On Wednesday, I spent several hours of the morning at CPS, trying to gain admittance to the Board of Education meeting on the 5th floor, or the overflow observation room on the 15th floor. My patience and calm request paid off, and I was eventually allowed to sit in a rolling green chair with a crowd of other people in a large room that featured few windows, a set of fire doors, and two flat screen TVs and a sound system to view the goings-on of the board chambers 10 floors below.
It was a rowdy crowd up there on the 10th floor, and as anyone who has been around The Girl will tell you, hunger and thirst makes people especially crabby. By the time I sat through six aldermanic speeches, two CTU addresses, and approximately 18 rounds of public testimony, I was no longer muttering under my breath, but joining my fellow observers in yelling at the screen.
At least three people told the Board that they'd be forced to move to the suburbs if conditions in their schools didn't improve, get more money, or whatever. Up on the 15th floor, each of these comments elicited a response of, "Go ahead!"
And I agree with their reaction. Since I became enmeshed in advocacy for schools in Chicago, I've heard, "I'll move to the suburbs!" countless times. It is said like a threat, and perhaps it is meant as threat as well. But as a threat, it feels hollow. Threatening to move to the suburbs is a luxury afforded the generally white, generally affluent, generally mobile, and generally well-resourced parents of CPS, if not of Chicago itself. Every time I hear statements along these lines, The Tot (Who's Not)'s favorite line echoes in my head: Aw, come on! Seriously, if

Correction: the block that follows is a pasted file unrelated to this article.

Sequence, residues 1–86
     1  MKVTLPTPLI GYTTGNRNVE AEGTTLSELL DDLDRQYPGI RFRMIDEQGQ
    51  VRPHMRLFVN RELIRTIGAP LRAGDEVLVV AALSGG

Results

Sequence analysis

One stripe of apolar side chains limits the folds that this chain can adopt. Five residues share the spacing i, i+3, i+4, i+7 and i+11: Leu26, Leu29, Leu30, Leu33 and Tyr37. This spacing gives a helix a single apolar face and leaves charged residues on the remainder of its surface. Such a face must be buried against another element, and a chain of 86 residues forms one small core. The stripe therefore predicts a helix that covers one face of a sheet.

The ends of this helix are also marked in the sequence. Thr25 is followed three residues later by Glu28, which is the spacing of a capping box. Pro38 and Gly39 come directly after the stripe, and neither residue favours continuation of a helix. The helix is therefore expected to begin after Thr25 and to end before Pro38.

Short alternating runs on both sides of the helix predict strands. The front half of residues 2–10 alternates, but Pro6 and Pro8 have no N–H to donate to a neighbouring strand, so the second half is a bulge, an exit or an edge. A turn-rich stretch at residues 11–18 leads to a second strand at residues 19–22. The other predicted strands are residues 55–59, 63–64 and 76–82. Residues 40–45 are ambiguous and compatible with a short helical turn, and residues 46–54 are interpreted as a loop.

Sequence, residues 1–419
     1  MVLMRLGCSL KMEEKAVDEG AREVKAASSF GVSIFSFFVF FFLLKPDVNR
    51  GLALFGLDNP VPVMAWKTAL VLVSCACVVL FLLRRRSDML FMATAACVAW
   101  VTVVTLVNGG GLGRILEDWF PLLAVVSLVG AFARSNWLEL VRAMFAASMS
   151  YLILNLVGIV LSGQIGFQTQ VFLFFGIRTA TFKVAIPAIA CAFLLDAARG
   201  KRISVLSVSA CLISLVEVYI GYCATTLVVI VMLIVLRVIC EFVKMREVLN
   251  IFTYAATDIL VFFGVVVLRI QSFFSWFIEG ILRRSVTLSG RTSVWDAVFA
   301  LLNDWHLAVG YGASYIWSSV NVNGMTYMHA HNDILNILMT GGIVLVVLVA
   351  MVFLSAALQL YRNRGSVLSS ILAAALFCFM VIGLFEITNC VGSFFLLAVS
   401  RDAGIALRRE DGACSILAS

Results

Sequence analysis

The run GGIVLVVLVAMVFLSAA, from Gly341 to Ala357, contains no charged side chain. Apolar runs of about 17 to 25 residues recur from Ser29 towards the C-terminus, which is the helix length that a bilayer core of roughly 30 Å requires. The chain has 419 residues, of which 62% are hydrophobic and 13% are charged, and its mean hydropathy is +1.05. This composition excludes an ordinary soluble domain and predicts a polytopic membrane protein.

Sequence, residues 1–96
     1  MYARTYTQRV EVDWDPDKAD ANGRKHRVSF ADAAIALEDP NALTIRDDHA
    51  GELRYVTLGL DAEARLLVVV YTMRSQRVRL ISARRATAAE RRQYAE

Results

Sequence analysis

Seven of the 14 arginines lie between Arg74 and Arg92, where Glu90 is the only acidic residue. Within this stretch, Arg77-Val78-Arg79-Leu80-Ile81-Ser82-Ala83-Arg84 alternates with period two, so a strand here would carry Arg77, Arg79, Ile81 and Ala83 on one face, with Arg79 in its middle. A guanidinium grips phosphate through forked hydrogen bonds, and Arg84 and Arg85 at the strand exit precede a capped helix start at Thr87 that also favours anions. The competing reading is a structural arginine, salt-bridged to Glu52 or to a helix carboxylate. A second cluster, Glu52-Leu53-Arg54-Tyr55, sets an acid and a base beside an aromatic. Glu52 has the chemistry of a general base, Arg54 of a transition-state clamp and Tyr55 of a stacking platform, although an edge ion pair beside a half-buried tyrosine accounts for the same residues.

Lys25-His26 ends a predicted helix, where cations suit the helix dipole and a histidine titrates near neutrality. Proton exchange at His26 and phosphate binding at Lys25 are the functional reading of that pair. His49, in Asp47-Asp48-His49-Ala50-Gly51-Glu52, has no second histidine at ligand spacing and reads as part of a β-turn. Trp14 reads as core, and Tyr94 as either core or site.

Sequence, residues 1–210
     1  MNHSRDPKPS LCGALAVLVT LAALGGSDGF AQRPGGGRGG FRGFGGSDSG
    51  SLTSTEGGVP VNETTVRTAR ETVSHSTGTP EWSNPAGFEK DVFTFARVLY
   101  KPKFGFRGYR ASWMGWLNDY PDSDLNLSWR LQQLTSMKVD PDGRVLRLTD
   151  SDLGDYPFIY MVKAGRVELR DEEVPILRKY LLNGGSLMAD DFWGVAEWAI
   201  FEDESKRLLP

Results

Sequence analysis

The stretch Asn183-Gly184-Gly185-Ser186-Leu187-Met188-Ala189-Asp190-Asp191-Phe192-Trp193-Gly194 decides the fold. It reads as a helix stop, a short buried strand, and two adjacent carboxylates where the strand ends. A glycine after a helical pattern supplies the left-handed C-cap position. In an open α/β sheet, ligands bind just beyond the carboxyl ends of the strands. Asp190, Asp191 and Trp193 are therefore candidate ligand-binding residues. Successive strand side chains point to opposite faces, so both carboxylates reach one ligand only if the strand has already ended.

you have the means and the desire to move out of the city, maybe you
should do so, instead of holding your residency up like you are a
precious gift you've decided to bestow on the city of Chicago.
I am not going to make that claim. Maybe it's because I haven't reached a level of frustration with CPS and the city that has me contemplating the move? Maybe it's because my kids attend a kick-ass magnet school? Maybe it's because Grandma & Grandpa Texas just moved six blocks away?
But if I want to move to the 'burbs and can afford to do so, I think I will just do it. And if I'm irritated with CPS and city politics and want to make a statement about it, I feel pretty confident that I'll have the means and outlet to do that as well. Certainly, I may be frustrated in my efforts to effect immediate change, as most of the speakers on Wednesday were. But as a chronic optimist, I'm neither ready to move to the suburbs nor to overstate my importance to the city by threatening to do so.